I went on a long, long ride yesterday. 110+ miles from Portland to the Oregon Coast. I was out there on the highways and by-ways, mixing up with cars, trucks and RVs. I waved at a few cops along the way and happily got where I was going on-time and in one piece.
But along the way, I got honked at, crowded, jostled and nearly cut-off a few times too.
I’m sure any of you reading this have had your share of run-ins with cars, seemingly aggressive drivers and people that seem to have it out for us runners and cyclists. My question today: do they really hate us or is it just in our minds?
Think about your reaction when a car jams down on the accelerator as they go by you or cuts closed enough that you feel the wind of their side-mirror go by your shoulder. How do you feel? Do you feel angry, mad, scared — or maybe a combination of all three? Those a strong feelings and I’d like us to think about where those powerful feelings come from.
In psychology there is a model that looks at things like this. It lays out four elements: an event, your thinking about the event, your feelings and then your behavior or reaction to the event. Let’s simplify and just refer to this as “Event – Thinking – Feeling – Behavior.” In our case, the event is say a car cutting close to you. The feeling is anger or rage. The behavior could range from yelling at the car to making an angry gesture, but is most likely something anti-social because it is stemming out of your feelings of anger or rage.
But the key element here is really the “thinking” piece of the equation. Why do we feel the anger or the rage? This stems from a thought that the driver “did that on purpose” or “was trying to scare me” or “is an a-hole” or “meant to hit me.” The list could go on and on, but all of these thoughts stem from our own internal thinking that the other person meant your some harm.
I’ve subscribed to this train of thought many times. Those drivers hate us. They don’t want us on their roads. We’re holding them up and that’s why they did that. These are all thoughts come from within and lead to the feelings of anger and rage that we feel when something like this happens.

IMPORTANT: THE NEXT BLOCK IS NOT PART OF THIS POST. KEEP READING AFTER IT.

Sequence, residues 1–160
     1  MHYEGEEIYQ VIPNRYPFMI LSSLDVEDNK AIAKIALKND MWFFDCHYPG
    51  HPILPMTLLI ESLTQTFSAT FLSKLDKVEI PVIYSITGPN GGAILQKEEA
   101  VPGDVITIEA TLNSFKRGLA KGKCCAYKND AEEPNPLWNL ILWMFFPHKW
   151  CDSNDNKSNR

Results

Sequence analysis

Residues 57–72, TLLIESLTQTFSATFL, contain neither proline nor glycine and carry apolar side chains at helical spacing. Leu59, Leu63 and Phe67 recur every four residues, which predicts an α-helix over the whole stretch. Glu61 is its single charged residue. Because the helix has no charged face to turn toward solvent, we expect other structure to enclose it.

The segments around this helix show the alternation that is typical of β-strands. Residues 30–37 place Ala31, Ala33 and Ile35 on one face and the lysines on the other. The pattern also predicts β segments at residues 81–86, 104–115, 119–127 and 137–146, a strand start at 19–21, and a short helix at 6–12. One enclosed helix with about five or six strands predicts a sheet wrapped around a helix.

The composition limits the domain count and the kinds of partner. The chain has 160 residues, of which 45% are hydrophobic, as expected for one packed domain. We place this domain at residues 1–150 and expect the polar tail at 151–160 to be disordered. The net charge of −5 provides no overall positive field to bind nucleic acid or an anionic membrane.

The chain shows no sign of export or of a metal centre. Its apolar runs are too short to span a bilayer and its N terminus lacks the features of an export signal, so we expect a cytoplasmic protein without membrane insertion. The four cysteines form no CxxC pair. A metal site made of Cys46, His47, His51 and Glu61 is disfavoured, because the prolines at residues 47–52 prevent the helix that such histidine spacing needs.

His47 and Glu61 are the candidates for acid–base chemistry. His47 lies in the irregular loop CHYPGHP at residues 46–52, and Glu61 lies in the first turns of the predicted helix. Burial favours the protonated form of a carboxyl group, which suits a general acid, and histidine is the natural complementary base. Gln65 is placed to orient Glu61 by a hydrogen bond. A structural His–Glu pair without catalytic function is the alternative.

Our thoughts, however, are within our control. What if we shifted those thoughts in another direction, at least for the sake of discussion. What if we thought “maybe they didn’t see me” or “they might not know how wide their mirrors stick out” or “maybe they don’t know how loud their engine is when they go by a cyclist”. What if they were really in a hurry, but it was because they had a their pregnant wife in the back-seat and were trying to get her to a hospital?
I think you can see where I’m taking this. When we take out the thoughts that the event was somehow personally directed toward you, it deflates the feelings of anger or rage. We start feeling other things: I’m glad they didn’t hit me; that was close, but I’m happy not have had accident; I’m concerned about that driver not knowing the size of their vehicle.” These are still real feelings and represent real concerns, but they are much more muted in their tone. And the result is likely to be much more pro-social behavior as an outcome. Rather than flipping them the bird, maybe you’ll buy a round of drinks at the bar celebrating the fact that you made it safely to your destination.
I’ve been writing a lot lately about the fact that the focus of our thoughts controls our experience and our reality. Try the exercise that I tried yesterday next time you’re out on the road. Take the thoughts of the personal attack out of these events and try to see them in a more neutral way. This will lessen your stress and anxiety. And you may just be a little more happy when you get where you’re going.
Coach Joe English, Portland Oregon, USA
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